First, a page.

Even as physicians and scientists try to understand the intricacies of coronavirus, a new chapter opens up about dealing with after-effects of the ailment on patients who have recovered. One major attempt to deal with the issue is by healthcare providers who are offering services specially aimed at such patients. In a week from now, Fortis hospital will be formally launching, what it calls, its "post-COVID OPD". Speaking on its need and what patients go through after recovery from COVID-19, Dr Rahul Pandit, Director-intensive care, Fortis Hospital, Mulund, Mumbai, says, "COVID is a new disease and it has only been seven months since it has been formally announced and India has been four months into it. There were a number of concerns that came to our notice in our patients after recovery and it prompted us to have a comprehensive outpatient clinic for them. Hence, this post-COVID OPD." The idea, he says, was to address the concerns comprehensively.
Mental health issues
Some of the concerns range from lingering respiratory problems to mental health issues. "There is also unfortunately a lot of sigma that has got attached to it and therefore like in times of war, some people go through a post traumatic stress disorder or PTSD," says Dr Anita Mathew, Senior Consultant, Physician & Infectious Disease Specialist, also at Fortis along with Dr Pandit. The mental health issues and depression in some cases is also because some may be having a family member infected by the virus or perhaps have lost a family member.
Tweaking required in antidotes
"We know for instance, that many of these patients who have non-communicable lifestyle ailments like diabetes and blood pressure do need a little bit of tweaking of their blood pressure or diabetes medicines post infection and post recovery. But we still do not know if this is a sustained effect or if it will be seen only in the first few weeks," says Dr Pandit. "Or whether, it means a complete change in their requirement of medicines." Currently, he says, patients are coming back as routine follow up and it's also a standard practice to have patients in the hospital called back for a follow up after 7 or 8 days. "We have even had patients calling us up and talking about some lingering problems, especially fatigue," he says.
Fatigue and more
So, what are some of the commonly seen problems in the post-COVID patients? Fatigue seems to be a common theme. Most complain of unusually long fatigue after a corona illness as opposed to a common cold or common flu where you are up and about in a few days. This seems to linger along for a long time. The other is respiratory complaints in the form of nagging cough and an inability to do the same level of exercise. It's not about strenuous exercises but difficulty in climbing just two or three flight of stairs that they could have earlier done rather easily. But, an important point to remember, the doctor cautions, "is we still do not know if this is really needing more effort because their lung functions are altered or if it is just the contribution of fatigue. That is why you need to get a more comprehensive understanding and therefore objectively monitor if their lung functions have altered. There is a way to check the lung function and to study the lung capacity of a particular age and gender. It is still too early to say as we still do not have the data to give a proper assessment of how long these last."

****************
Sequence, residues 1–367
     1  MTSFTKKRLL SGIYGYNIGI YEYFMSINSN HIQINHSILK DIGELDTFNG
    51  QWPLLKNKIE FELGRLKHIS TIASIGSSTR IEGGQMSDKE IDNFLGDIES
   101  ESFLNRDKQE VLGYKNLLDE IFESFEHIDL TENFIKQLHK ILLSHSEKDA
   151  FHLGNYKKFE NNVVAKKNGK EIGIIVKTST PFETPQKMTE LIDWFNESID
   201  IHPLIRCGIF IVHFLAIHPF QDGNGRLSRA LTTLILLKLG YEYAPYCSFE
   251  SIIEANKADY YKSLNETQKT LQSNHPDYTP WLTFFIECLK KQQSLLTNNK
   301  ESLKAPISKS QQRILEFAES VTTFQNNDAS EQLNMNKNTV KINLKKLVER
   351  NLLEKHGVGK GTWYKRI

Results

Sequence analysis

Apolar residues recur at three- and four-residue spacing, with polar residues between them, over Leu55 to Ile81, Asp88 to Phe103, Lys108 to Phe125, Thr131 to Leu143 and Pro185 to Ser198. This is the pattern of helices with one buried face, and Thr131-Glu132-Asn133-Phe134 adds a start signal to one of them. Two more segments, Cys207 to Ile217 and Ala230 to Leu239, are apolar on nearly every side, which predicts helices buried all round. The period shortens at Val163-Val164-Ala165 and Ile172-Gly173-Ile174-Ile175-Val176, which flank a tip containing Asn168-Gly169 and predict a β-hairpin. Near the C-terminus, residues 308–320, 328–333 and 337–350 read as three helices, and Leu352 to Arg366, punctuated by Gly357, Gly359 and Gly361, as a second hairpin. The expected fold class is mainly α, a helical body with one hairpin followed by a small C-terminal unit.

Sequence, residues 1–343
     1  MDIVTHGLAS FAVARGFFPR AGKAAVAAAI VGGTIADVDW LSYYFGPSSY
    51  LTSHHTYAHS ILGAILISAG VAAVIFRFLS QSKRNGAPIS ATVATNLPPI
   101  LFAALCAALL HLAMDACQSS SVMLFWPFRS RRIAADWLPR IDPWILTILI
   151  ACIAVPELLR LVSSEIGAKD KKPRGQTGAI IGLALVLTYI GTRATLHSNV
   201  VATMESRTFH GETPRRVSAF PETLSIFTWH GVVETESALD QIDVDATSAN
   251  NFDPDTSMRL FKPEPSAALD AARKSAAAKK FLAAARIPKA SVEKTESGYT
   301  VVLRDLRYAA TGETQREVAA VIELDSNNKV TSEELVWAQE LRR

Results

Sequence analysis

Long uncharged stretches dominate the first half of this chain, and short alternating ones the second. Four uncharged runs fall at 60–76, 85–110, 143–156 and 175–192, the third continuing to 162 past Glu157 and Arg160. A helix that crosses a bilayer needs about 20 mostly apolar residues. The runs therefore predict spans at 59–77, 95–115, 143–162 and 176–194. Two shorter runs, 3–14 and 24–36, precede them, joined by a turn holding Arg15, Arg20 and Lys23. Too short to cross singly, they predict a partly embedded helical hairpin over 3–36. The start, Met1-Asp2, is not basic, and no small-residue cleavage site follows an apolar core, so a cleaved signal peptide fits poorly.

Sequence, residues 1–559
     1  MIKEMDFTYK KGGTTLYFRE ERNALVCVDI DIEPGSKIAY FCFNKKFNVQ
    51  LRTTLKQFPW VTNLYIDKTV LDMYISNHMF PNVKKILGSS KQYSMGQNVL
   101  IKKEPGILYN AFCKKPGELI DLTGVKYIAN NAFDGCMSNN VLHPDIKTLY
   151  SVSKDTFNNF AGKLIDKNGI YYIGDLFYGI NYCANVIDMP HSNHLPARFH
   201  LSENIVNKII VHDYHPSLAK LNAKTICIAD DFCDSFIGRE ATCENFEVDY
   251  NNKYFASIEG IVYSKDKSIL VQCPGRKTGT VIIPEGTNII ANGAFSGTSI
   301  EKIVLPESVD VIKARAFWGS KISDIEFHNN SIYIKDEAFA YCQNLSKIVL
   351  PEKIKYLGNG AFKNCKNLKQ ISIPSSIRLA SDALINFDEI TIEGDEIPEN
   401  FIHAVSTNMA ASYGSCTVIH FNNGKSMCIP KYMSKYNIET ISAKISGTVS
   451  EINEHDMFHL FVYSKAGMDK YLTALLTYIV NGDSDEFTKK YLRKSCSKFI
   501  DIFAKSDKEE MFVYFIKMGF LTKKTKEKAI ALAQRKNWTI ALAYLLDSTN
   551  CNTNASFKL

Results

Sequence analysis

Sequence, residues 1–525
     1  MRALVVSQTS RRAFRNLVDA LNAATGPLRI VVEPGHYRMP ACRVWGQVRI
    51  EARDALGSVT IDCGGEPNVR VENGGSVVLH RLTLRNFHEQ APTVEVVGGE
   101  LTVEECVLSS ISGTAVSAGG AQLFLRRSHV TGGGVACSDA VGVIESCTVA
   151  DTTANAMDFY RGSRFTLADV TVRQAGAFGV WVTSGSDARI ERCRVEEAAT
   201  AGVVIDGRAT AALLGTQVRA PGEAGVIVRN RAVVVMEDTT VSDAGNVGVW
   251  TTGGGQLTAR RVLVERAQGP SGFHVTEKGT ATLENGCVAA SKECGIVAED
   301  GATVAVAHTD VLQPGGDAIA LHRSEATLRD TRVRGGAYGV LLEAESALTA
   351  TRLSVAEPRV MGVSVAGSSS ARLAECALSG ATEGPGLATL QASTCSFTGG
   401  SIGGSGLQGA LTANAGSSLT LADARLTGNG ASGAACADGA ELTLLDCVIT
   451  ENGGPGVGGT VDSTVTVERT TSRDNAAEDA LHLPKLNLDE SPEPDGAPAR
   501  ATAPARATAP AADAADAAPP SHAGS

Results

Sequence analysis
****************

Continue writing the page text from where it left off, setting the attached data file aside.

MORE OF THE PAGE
When do the symptoms start appearing? The fatigue element is there even when they get discharged. Patients typically say, "everything is good but feel a little bit tired". This is even as all the other health parameters return back to the baseline. However, in the post-COVID patients, there is a pattern to their illness. The first few days are symptomatic, some symptoms coming up like fever, body ache, sometimes even loss of smell, fatigue, pain in the lower limbs. Dr Mathew also talks of 30 year olds sometimes coming on a wheelchair, which perhaps underlines the element of fatigue, which cannot be ruled out. She says that while they are attending more to their patients who are hospitalised and have had a severe attack, it is not as if the others could be complacent. They all should not take any lingering ailment lightly and report to the doctor, she adds. Most, she says, tend to have fatigue. Each patient is different with the body reacting differently in each case. The nature of other ailments is usually linked to the severity of the attack. Though in some cases, there have been reports of children also ending up with post-COVID inflammation syndrome, which can be serious.
Day 5 to day 11
Generally, Dr Pandit says, "the breathing difficulties and other problems start after day 5 or day 6 since recovery and can happen anywhere between day 5 and day 11." Currently, they are being treated based on the past experience and knowledge gathered by the physicians like him over the past few months. Those with co-morbidity take time to recover. He also talks of, what he calls, "Clinico-radiological dissociation (which means the clinical picture of what the doctors see on examination, what they notice in the radiological reports or x-rays and the variance noticed). Radiological recovery takes more time than the clinical recovery," he says.
What not to ignore
His advice to patients who have recovered from COVID: "Do not ignore any lingering problem and make sure it is addressed as most are reversible and treatable and must have the masks on and social distancing . We do not have any immunity passport. Till we have a proper validated vaccine in place, people should use the mask vaccine and the social distancing vaccine." Dr Mathew adds another note of caution: "since the immunity level is down, it is important to take care of any secondary infection and to focus on better nutrition and to de-stress."
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